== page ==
As the weather warms and Summer schedules slow to a crawl, signs begin to pop up all around. Pink signs, white signs, signs on wooden stakes, signs taped, or stapled, or nailed to light poles, all directing you to one thrifty shopper’s utopia or another. Garage Sale season is upon us and Rusk County’s Garage Sale Queen has some tips and tricks for all the front yard business people. 

Dottie Seligman, she’s hard to miss with her platinum curls and hot pink shirt proclaiming her title in large metallic gold letters. Every step closer reveals another proclamation of her rummage sale royalty, from the Garage Sale Queen cap to the handcrafted garage sale sign earrings. 

Selling the castaway treasures of her friends and neighbors has long been a way of life for Seligman. Decades of trial and error, huge sales, and missed opportunities have honed her specific set of skills, and for those RC residents thinking of throwing together a last-minute yard sale and getting rid of some of their junk our Queen of all things discarded wants to share her wealth of knowledge. 

Once you’ve made up your mind to empty your closets and cupboards, the first on the list of important things to remember is your permit. Smaller cities, like Mt. Enterprise, don’t require a permit to set up your wares but Henderson officials will check for one if they spot your goods. Permit forms can be found on the City of Henderson website at Don’t even start hanging out clothes or lugging around furniture until you’ve secured your permit. 

“A few of my friends told stories of people coming to their sales pretending to be from the City and claiming that they owed them 30% of their profits,” said Seligman, “but I called the city myself to see if this was true and they assured me that the permit was free and there was no city official that would come to any sale requesting a percentage of their profit.” 

Be cautious and aware of your surroundings during these sales. Scamming and stealing from others has become a regular threat so investigate claims such as these before handing over funds. 

Signs, signs, and signs. The most important part of any garage sale is the sign. Without those glaring pronouncements on every street corner pointing the masses in your direction, you may as well just load those goodies into a trash bag and toss them. 

“Orange and pink, those are the best colors for garage sale signs,” said Seligman. “Large, bold letters and make sure arrows are pointing in the right direction.” 

She’s seen every version imaginable of these posterboard pointers and recounted seeing a white board with all information written in pencil. The City of Henderson requires that these signs be no bigger than six square feet.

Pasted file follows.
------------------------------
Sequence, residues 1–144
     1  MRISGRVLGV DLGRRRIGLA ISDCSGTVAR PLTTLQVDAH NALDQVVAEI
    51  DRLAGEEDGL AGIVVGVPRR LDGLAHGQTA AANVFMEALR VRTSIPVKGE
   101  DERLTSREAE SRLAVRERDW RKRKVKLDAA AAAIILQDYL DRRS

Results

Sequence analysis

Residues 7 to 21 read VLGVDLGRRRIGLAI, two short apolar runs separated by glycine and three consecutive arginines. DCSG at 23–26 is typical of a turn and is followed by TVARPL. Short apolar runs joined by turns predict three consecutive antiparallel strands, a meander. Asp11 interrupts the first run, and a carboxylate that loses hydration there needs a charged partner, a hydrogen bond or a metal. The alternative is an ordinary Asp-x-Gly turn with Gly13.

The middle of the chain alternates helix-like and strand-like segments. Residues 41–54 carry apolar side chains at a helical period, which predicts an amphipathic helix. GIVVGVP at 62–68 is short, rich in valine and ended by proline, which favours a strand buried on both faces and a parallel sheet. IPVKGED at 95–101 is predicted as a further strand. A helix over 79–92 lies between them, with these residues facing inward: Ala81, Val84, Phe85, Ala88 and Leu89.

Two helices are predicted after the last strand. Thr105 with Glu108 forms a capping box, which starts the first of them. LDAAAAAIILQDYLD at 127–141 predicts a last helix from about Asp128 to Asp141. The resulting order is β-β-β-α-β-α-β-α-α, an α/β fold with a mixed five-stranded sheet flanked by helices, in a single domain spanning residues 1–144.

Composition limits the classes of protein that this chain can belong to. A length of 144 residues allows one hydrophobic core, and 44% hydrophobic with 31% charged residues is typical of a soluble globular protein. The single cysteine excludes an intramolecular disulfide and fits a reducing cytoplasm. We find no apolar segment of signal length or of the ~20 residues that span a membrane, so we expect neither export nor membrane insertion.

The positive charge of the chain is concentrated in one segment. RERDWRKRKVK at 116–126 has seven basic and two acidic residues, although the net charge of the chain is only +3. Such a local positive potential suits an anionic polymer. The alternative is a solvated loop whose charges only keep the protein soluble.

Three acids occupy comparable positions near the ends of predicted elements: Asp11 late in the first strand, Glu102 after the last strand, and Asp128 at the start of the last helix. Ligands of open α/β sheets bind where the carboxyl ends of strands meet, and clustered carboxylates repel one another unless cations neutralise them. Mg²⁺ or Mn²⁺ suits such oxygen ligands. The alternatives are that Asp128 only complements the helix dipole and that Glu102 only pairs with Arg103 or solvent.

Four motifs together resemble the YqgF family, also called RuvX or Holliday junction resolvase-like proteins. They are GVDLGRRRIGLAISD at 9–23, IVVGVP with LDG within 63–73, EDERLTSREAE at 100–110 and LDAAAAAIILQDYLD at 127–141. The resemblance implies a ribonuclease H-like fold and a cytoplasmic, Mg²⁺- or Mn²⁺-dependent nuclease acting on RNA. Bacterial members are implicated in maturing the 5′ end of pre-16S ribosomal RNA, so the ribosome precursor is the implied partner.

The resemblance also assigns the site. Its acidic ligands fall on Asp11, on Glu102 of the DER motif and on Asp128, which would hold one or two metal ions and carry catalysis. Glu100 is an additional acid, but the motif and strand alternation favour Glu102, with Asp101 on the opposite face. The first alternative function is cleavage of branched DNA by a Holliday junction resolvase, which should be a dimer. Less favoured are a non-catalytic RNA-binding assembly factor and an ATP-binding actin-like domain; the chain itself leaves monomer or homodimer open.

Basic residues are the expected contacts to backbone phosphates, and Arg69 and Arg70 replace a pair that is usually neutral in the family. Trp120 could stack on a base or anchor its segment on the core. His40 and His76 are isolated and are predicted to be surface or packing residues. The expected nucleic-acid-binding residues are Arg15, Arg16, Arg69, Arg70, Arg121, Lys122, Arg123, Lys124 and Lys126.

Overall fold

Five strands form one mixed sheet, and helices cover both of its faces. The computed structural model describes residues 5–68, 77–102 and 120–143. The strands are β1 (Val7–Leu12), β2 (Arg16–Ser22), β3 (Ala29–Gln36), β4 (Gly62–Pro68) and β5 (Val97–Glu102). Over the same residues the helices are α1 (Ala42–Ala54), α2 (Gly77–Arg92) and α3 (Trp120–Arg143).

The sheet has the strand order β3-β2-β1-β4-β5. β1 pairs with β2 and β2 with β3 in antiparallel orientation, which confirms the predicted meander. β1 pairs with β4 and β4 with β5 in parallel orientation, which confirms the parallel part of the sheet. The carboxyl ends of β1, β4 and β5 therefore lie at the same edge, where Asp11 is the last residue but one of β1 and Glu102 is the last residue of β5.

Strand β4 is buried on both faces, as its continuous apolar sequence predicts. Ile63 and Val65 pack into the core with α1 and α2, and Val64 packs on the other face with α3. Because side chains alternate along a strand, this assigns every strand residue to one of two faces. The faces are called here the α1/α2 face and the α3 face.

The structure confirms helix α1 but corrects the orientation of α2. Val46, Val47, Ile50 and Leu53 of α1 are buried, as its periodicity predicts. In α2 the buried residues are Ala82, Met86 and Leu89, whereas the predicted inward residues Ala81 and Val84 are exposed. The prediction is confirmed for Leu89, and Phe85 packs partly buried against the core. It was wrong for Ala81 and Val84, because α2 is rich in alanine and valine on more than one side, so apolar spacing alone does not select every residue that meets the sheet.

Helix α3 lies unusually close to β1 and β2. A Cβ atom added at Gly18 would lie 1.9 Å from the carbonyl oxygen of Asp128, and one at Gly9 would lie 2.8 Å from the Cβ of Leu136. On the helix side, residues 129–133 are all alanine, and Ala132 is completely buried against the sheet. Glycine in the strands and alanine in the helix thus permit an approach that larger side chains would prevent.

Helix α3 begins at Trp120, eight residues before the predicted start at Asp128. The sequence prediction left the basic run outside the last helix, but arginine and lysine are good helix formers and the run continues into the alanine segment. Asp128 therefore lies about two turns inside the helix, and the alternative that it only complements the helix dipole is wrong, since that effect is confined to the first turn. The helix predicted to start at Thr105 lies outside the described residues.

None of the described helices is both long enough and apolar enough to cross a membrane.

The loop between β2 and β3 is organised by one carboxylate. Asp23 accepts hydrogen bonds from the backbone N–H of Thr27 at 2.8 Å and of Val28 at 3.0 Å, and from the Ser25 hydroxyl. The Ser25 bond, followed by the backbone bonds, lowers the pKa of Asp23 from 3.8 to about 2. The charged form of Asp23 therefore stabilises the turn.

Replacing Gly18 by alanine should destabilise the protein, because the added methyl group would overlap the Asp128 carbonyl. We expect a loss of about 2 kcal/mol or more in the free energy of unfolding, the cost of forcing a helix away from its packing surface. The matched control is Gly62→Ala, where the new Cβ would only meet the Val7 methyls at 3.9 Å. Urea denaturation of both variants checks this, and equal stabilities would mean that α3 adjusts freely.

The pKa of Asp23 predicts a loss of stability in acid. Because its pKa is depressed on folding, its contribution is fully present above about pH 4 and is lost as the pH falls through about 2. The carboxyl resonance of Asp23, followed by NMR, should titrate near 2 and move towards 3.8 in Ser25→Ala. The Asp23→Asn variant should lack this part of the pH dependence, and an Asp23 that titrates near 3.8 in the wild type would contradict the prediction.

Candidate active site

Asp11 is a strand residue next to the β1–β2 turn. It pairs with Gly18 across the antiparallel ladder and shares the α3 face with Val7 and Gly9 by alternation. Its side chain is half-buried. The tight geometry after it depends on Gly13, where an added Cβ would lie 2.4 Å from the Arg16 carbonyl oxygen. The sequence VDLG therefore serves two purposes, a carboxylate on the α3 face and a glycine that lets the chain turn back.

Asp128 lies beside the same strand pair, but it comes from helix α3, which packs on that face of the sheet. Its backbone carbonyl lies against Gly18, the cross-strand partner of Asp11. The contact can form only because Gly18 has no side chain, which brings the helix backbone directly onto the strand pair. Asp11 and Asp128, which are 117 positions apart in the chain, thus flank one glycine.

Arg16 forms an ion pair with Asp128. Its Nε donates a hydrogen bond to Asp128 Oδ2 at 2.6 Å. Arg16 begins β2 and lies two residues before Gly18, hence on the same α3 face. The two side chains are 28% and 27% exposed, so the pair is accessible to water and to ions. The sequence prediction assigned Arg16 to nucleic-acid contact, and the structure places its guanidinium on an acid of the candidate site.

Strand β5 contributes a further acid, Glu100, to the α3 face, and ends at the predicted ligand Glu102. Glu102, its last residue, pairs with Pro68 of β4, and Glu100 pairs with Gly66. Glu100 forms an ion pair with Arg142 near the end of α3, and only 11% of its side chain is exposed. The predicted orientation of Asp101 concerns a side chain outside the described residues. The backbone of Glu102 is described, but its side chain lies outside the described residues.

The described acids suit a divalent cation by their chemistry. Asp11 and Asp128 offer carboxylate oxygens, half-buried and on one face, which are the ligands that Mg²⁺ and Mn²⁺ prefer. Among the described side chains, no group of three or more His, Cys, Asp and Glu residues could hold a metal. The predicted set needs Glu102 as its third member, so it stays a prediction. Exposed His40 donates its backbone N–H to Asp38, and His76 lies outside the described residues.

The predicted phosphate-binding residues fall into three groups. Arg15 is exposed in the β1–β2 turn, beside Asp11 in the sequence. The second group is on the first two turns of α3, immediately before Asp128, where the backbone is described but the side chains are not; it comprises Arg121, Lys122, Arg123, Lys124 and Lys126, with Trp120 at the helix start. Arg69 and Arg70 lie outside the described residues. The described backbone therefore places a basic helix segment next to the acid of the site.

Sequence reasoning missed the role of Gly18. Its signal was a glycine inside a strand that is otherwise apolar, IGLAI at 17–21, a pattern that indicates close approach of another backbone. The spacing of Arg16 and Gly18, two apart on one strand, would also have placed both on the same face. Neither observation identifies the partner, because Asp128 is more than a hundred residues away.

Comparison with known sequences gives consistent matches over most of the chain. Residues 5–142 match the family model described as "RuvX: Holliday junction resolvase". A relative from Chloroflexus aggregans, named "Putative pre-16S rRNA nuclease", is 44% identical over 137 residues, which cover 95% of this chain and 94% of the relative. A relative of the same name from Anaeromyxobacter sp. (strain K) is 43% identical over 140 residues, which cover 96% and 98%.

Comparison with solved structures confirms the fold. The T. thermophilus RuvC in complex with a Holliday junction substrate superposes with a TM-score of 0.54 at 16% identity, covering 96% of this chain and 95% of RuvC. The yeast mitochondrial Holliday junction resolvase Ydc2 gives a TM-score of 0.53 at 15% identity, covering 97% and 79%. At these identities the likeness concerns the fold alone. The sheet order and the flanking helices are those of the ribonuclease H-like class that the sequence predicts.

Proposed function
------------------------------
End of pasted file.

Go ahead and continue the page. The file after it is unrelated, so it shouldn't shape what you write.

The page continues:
Placement of these hand-crafted signs is also important. 

“I’ve seen people use everything from duct tape to chewing gum to stick these signs to light poles,” she said with a cheeky giggle. No matter the city you’re intending to set up your short-term sale, officials frown upon the use of electric poles as advertising space. The reluctance of those using these areas to return and reclaim their promotional materials from these poles has led to some cities banning the signs altogether as an eyesore and possible littering. The City of Henderson requires all signs to be on private property with the permission of the property owner or person with legal control over the property. Any signs on utility poles and street signs are subject to immediate removal.

“Pick up your signs,” she said, exclaiming her frustration at searching for a garage sale only to find the sign had been blowing in the street corner breeze for two weeks. Henderson’s rules restrict signage to placement no more than 48 hours before a sale and removal to 24 hours after the sale closes. 

Arrangement of your items is vital to any good garage sale. 

“Don’t put your clothes out front,” said Seligman, coaching on proper retail arrangement. “If I drive up and see clothes I assume that’s all you have. Put your large items out front and you’ll attract more interest.” 

“Group items together that make sense,” she said, continuing her master class on all things garage sale. “Glassware in one area with price tags on the side to avoid dropping, tools in one place so the men have something to look at so they won’t complain about the time you’re taking. If you just threw your items here and there it shows that you didn’t care about it, so if you don’t, why should I? And remember that I’m old, pick your clothes up off of the garage floor because it’s too hard for me to bend over and look through it.” 

“Just because your trash might be my treasure doesn’t mean I want to dig through a pile of random stuff to find it.”

If you’ve secured a permit, properly placed your signs, put that couch out front, and laid your folded clothes on a table be on the lookout for the Garage Sale Queen. If she happens to grace your tiny flea market give her a curtsey and follow her advice to the letter. 

Thank you for reading!

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